Investments  

Beyond the election: The outlook for US equities

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The future of US equities

As the dust slowly settles following the most contentious US presidential election in years, investor focus has started to turn towards what the longer-term future might hold.

Working from home could have a profound effect on the structure of economic growth, Mr Yu says, with “significant investment into the economy” required to create jobs.

However, SSGA’s Mr Hentov says: “Continued fiscal relief packages could limit the long-term damage and a quick return to trend growth is possible, maybe even slightly higher given widespread productivity improvements during the Covid-19 crisis.”

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Damian Handzy, head of research at Style Analytics, says the pandemic has been “both damaging and disruptive – and investors must pay attention to both aspects”.

“The economy – not the market – will be suppressed for several years and at the same time Covid-19 is disrupting industries,” he says. “Companies that can adapt to people’s changed lifestyles can thrive. The US approach of solving problems by innovating will help its economy come out of this ahead of others.”

A consumer-led recovery?

The retrenchment in economic activity has undoubtedly hit the US hard. But with many people saving up money and paying down personal debt during the pandemic period, Ian Jensen-Humphreys, portfolio manager at Quilter Investors, says the US consumer could prove vital to a near-term recovery.

“Once confidence is restored and the pandemic is fully in the rear-view mirror, helped by recent vaccine announcements, the economy could receive a shot in the arm,” he says.

However, Bo Brownlee, portfolio manager at Secor Asset Management, argues that investors should be wary of putting too much emphasis on a cyclical recovery fuelled by positive vaccine news. Technology companies are likely to continue to lead the market in the next two years, he says, with cyclicals and financials lagging “despite an expected strong snapback”.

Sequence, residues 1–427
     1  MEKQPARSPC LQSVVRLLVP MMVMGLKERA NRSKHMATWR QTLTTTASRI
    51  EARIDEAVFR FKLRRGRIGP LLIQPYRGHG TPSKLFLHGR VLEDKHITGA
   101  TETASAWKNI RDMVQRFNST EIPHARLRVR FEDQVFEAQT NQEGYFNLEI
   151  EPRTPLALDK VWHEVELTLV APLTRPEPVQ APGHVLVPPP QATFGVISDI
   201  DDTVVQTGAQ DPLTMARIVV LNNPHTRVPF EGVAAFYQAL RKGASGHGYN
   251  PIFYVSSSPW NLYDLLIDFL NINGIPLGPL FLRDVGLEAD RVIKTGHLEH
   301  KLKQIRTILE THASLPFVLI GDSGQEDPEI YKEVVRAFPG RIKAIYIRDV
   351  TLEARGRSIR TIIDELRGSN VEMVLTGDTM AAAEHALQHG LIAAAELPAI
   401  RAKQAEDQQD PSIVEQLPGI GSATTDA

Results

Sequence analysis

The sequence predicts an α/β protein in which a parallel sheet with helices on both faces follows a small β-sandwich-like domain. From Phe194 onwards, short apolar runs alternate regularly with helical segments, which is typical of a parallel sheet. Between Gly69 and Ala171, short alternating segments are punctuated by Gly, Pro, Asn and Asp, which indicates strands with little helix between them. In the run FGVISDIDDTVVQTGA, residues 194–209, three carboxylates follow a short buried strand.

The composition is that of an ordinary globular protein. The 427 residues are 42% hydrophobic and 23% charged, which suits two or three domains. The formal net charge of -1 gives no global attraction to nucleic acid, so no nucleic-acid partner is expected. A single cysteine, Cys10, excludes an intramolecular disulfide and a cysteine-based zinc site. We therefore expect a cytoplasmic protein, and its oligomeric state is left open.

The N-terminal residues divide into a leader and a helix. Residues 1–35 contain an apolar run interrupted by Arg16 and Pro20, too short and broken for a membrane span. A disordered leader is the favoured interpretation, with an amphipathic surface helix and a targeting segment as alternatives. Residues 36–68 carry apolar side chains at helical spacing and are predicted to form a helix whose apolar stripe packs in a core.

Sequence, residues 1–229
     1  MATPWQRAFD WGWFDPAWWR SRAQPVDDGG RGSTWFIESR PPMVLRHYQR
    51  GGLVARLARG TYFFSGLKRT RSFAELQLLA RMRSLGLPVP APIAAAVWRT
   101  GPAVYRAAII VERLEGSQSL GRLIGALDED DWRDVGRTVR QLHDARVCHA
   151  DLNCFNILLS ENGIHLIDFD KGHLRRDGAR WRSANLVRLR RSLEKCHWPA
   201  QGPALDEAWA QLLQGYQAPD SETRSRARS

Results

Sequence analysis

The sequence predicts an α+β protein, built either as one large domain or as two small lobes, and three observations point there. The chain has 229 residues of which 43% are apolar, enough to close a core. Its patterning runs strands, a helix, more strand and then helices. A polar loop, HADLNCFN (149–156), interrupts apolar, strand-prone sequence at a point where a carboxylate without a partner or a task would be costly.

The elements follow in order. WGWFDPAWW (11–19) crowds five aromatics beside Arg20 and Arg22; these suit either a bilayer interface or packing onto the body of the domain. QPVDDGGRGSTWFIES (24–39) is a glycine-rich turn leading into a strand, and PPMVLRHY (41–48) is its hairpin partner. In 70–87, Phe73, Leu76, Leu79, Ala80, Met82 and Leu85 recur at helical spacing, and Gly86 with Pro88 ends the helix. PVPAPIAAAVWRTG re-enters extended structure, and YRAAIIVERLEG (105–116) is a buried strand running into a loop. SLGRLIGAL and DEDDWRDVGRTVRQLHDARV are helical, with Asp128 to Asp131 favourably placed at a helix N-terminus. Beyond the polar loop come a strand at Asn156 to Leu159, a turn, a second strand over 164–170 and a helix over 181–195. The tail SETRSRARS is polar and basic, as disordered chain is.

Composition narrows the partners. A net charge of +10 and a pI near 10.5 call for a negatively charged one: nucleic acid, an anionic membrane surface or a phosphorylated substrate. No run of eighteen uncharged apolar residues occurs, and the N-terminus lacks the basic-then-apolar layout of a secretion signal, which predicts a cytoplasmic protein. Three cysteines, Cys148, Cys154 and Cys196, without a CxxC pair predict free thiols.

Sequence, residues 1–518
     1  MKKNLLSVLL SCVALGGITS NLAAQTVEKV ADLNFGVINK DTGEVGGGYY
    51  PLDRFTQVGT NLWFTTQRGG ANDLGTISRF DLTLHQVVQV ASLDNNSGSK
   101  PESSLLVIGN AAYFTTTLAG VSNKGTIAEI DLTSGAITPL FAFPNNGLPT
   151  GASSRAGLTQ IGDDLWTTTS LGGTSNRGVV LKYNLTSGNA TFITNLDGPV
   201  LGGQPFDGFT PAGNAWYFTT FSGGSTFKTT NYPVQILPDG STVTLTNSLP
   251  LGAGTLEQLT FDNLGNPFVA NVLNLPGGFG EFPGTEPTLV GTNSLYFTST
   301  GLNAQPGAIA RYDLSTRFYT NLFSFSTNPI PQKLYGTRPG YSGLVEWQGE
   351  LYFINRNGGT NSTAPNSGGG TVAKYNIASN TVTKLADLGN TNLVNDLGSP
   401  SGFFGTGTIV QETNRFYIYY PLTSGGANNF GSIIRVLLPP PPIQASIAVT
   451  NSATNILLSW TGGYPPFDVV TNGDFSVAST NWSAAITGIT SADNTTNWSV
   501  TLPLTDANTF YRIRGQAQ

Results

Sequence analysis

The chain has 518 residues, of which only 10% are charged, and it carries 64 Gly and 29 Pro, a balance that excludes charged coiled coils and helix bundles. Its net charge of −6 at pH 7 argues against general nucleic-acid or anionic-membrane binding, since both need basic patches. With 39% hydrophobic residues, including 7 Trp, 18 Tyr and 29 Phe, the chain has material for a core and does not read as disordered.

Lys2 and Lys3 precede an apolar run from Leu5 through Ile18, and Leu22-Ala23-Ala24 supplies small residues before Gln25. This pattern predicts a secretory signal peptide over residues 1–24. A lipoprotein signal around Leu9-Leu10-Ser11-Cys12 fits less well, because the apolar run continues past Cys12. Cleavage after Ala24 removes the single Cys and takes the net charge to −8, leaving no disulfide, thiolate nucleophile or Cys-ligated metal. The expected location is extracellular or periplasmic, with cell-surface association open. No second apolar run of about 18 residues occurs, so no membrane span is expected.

Some sectors, especially retail, have likely been permanently damaged by the events of 2020, Mr Brownlee adds, while others face a “slow road back as behaviour normalizes” – in particular airlines, hotels, and office rentals.

“While these stocks have enjoyed the euphoria surrounding the good news on the vaccine front, it is no sure thing that their rally has any legs to carry them through the next few years as we emerge from the pandemic,” he says.

For Cormac Weldon, head of US equities at Artemis, the consumer-led investment picture is bright for the US – but the recovery path “is likely to be uneven”. Air travel is unlikely to return to normal before 2022, he predicts, while there are “many steps between the current lockdowns and plazas full of carefree consumers”. 

“Employment data has been impressive to date but will soften in the short term,” Mr Weldon adds. “That said, job creation in stronger sectors – manufacturing, housing-related, technology, health care, grocery stores – should absorb some of this weakness.”